Israel Bans Underweight Models Based on Their BMI, But Is That the Best Method for Combating Eating Disorders?

TEL AVIV, ISRAEL - NOVEMBER 21: (ISRAEL OUT) Models prepare backstage before a fashion show by Israeli designer Yossef during the Tel Aviv Fashion Week on November 21, 2011 in Tel Aviv, Israel. (Photo by Uriel Sinai/Getty Images)
Source: Uriel Sinai/Getty Images News/Getty Images

As of January 1, Israel has banned "underweight" models who have a BMI under 18.5 from the catwalk or appearing in advertisements. The strict 18.5 limit comes from the World Health Organization, which states that any person BMI under that is considered underweight or potentially malnourished. Furthermore, Israel instated ads must include a disclaimer if models are digitally altered in photographs. 

Israeli gynecologist, lawyer, and politician Rachel Adatto who helped lead the creation of this law in Knesset, Israel's parliament, told The Daily Beast that she helped develop the law in response to an epidemic of eating disorders she was seeing. 

"So many girls are idolizing these models and wanting to look like them," Adatto says.

This is a major move in the model world, which has been flooded with rumors of anorexia, rules of looking a certain way or weighing a certain amount to walk and be photographed and shirts that state things like this or "don't feed the models." But Israel is not the first to enact this kind of ban.

In 2006, after two models collapsed and died when they stepped off the runway, Brazil, India, Israel, and Uganda banned underweight models from the catwalk. Madrid Fashion Week strictly bans models who have a BMI below 18 and Milan's Fashion Week does not allow models to walk if they have a BMI below 18.5. The UK and US also have guidelines, but they are mostly subject to the designer's tastes. Models are required to turn in a medical report 3 months prior to the show.

In 2012, the editors of all 19 editions of Vogue Magazines pledged to no longer use models who are under the age of 16 and/or models with any visible signs of an eating disorder. This decision came after French Vogue used a 10-year-old model in their January issue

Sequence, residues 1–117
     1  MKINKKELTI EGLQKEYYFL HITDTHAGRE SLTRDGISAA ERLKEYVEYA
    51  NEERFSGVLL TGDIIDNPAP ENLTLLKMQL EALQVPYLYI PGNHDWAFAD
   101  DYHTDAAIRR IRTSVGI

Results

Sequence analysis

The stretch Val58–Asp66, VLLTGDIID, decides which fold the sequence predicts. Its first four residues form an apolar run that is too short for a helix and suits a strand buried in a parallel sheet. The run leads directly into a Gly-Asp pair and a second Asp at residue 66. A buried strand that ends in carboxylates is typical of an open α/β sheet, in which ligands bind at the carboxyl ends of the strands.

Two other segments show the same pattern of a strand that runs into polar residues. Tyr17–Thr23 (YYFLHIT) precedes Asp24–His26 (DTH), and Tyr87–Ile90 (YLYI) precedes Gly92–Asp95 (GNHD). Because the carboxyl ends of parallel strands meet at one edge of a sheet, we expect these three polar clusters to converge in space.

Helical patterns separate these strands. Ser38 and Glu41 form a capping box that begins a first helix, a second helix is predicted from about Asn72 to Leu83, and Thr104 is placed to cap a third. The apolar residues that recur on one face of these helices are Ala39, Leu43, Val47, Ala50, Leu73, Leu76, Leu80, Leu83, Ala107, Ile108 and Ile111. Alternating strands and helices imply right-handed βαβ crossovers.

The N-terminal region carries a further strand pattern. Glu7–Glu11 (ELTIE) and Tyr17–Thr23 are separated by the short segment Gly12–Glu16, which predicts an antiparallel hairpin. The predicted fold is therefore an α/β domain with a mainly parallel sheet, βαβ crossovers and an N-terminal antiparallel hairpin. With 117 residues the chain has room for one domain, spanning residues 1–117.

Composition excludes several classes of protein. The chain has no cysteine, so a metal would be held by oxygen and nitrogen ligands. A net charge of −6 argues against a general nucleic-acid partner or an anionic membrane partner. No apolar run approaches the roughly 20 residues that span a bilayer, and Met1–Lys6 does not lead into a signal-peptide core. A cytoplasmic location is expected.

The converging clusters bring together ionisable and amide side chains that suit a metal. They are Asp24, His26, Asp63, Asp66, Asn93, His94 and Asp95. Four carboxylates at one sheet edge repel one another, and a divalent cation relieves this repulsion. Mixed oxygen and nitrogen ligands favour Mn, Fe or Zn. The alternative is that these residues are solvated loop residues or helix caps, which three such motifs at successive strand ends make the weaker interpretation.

These laws aren't getting praise from everyone, however. Some argue BMI is no longer a good measurement of health, some argue that there's a difference between eating disorder and disordered eating, and some say many models will be put out of work for a genetic trait they cannot control.

Today, BMI is the most common measure of health internationally, but more recent studies suggest having a higher BMI does not necessarily mean a person is obese. Likewise, having a lower BMI does not mean an individual is underweight, called the Obesity Paradox. And measurement standards of what is considered underweight and overweight changed constantly by the World Health Organization. Doctors now suggest asking patience how much they exercise and using more than one form of body fat-to-muscle ratio measurement. 

Floridian psychologist Sarah Ravin argues there's a difference between someone having an eating disorder and a disordered relationship with eating. She states disordered eating involves an obsession with body image and an obsession with strict eating behaviors. Ravin suggests eating disorders from from an inner sense of insecurity and disordered eating is driven by outer influences. By preventing disordered eating, Ravin says you can prevent eating disorders. This is where she thinks advertisements and runway shows need to start, rather than banning the models completely. 

Shai Avital, owner and CEO of Elite Israel, one of the country's most successful modeling agencies, deems the law unnecessary and says that while healthy, genetics may cause models to be smaller than the required BMI. 

"The law disregards the fact that some models are thin due to genetics and nothing they would do would increase their BMI to the legally accepted level," Avital says. "This law ends now their careers. Israel is today the only country where a body weight legal control is in effect and this is not necessarily something to be proud of."

Recently, I shared my own experience struggling with a disordered relationship with food. And while it wasn't solely the fault of the models I saw when I refreshed Style.com during NYFW or from advertisements in a magazine, I definitely compared myself (and my torso, thighs, cheekbones, etc.) to those photos. I love what countries like Israel and magazines like Vogue are trying to show young women who see their publications. While maybe controversial, pledges like this are causing women and men to talk about their relationship with their body and their relationship with food — and that's so, so important.

Images: Vogue; Getty Images

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